S.C. $400,000 Budget Proposal Would Pay to Hire Six Insurance Fraud Prosecutors

March 14, 2005

A one-time infusion of $400,000 to permit the South Carolina Attorney General’s Office to hire six new prosecutors to fight insurance fraud has been approved by the Senate Finance Subcommittee to aid in the fight against insurance fraud. At present, the attoney general’s office has only one prosecutor, who handles about 600 cases a year.

The new budget proposal was suggested by David Thomas, R-Greenville, subcommittee chairman. Future budgeting would be provided by insurance companies that save money due to decreased insurance fraud.

“This will ultimately save taxpayers a lot of money,” Thomas told the Charlotte Observer. “We don’t need new laws. We need the enforcement of existing laws.”

Last year there was a proposal to assess the insurance industry $2.5 million to pay for the additional prosecutors. But that effort failed because of disputes over who should pay what percentage of the cost. Thomas said the new proposal should be more appealing to the insurance industry than an upfront assessment.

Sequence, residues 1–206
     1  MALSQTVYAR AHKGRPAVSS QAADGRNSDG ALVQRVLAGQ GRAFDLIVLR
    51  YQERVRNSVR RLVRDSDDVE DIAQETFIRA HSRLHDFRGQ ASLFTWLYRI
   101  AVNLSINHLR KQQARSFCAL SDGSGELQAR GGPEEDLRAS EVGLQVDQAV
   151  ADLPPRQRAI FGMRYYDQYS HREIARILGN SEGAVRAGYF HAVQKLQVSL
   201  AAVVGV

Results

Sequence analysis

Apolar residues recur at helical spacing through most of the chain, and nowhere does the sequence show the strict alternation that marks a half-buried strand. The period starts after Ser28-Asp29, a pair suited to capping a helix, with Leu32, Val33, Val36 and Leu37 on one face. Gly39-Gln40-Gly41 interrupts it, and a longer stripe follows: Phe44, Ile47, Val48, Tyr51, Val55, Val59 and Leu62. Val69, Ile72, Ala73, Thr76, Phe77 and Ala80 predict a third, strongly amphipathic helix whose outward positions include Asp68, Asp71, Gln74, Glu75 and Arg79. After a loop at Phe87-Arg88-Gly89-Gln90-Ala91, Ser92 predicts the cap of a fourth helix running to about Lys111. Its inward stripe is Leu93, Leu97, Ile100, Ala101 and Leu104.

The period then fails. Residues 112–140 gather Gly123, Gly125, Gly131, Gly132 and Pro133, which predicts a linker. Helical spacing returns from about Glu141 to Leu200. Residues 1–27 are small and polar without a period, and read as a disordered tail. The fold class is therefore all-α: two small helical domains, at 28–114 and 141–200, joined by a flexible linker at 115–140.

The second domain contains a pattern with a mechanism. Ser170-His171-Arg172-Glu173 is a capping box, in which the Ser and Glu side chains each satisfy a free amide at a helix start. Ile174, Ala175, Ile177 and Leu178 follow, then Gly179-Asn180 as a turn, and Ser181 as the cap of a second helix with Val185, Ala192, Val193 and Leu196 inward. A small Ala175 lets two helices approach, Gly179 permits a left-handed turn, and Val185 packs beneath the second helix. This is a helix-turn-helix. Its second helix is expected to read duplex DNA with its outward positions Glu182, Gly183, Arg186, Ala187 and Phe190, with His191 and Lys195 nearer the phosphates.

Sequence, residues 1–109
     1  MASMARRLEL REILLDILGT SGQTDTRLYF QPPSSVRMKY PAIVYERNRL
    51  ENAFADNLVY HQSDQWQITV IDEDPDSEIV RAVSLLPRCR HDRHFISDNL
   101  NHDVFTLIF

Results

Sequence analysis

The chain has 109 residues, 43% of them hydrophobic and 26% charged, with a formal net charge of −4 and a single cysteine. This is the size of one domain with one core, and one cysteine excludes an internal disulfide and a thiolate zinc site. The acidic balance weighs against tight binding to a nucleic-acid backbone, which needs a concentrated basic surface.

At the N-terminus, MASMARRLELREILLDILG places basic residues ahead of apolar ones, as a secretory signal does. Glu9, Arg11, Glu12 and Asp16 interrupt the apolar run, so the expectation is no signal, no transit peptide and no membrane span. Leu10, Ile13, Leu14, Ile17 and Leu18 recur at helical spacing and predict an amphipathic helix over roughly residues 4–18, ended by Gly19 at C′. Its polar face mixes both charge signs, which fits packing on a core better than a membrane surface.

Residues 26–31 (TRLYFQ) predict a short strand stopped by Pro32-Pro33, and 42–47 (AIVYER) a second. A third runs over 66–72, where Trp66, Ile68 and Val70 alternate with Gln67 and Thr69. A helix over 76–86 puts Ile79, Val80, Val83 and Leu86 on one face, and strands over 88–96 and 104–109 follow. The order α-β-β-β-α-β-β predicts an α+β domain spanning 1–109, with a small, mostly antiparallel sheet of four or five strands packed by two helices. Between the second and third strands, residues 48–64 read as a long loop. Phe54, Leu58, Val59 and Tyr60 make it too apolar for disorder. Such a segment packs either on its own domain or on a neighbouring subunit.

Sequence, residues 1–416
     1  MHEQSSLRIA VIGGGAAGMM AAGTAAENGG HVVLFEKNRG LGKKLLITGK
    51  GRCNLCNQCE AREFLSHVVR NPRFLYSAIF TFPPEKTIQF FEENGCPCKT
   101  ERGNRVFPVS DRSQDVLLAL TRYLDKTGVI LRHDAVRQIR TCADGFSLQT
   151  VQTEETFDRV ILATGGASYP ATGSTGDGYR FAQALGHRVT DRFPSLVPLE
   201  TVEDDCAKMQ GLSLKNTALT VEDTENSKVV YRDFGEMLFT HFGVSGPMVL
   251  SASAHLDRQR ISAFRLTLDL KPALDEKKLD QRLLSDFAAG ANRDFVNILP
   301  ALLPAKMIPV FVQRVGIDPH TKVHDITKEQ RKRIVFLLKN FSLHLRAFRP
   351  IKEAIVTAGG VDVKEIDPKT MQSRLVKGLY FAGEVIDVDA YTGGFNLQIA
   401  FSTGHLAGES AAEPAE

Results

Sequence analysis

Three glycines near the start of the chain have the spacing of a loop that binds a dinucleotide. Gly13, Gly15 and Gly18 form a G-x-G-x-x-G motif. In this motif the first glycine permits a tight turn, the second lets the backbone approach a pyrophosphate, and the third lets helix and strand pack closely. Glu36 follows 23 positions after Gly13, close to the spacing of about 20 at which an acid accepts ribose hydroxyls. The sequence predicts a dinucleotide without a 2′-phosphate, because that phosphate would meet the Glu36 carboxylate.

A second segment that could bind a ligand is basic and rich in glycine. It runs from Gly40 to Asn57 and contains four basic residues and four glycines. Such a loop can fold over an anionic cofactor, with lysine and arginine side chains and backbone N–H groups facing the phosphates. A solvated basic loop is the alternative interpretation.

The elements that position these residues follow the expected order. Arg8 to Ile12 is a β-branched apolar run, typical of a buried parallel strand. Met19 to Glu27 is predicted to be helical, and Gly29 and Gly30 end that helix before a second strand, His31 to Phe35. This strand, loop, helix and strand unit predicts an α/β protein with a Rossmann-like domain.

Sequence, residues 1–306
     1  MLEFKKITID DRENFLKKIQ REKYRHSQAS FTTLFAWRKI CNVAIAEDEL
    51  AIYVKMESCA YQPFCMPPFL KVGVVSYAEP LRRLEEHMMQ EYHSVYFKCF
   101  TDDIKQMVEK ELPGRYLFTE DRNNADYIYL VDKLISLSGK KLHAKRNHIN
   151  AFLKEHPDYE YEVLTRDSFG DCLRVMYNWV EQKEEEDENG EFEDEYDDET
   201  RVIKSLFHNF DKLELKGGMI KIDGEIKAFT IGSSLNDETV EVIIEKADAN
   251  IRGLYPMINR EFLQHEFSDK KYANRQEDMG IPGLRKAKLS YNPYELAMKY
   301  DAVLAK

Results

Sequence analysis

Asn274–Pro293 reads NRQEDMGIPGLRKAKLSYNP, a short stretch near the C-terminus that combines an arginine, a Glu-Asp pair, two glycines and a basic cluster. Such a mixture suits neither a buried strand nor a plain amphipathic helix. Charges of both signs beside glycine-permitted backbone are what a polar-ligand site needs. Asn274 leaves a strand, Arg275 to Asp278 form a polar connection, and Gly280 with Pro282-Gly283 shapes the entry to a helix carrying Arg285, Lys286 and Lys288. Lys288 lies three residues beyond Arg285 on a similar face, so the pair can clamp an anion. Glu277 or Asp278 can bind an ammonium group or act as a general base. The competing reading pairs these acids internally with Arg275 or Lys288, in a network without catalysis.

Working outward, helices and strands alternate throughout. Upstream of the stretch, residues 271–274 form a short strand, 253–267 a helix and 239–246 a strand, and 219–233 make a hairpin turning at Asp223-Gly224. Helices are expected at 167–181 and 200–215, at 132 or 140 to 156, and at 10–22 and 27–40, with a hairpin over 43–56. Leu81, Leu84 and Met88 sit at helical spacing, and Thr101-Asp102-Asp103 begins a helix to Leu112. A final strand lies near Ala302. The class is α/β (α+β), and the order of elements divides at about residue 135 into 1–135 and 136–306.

“Instead of an arbitrary assessment, you only assess them for what you save them,” he said.

Insurance fraud encompasses everything from staged auto accidents to bogus companies that collect premiums but fail to pay off on claims, according to industry and law enforcement agency sources.

“This is a fairly significant development in the insurance fraud effort,” Trey Walker, a spokesman for Attorney General Henry McMaster said. “Crime is a growth industry. Criminals don’t respect budget cuts.”

In 2003, South Carolina had 844 complaints of insurance fraud, totaling about $3.7 million in estimated losses. Nationally, estimates of insurance fraud run between $80 billion and $120 billion annually, or an extra $1,030 per family in higher premiums.

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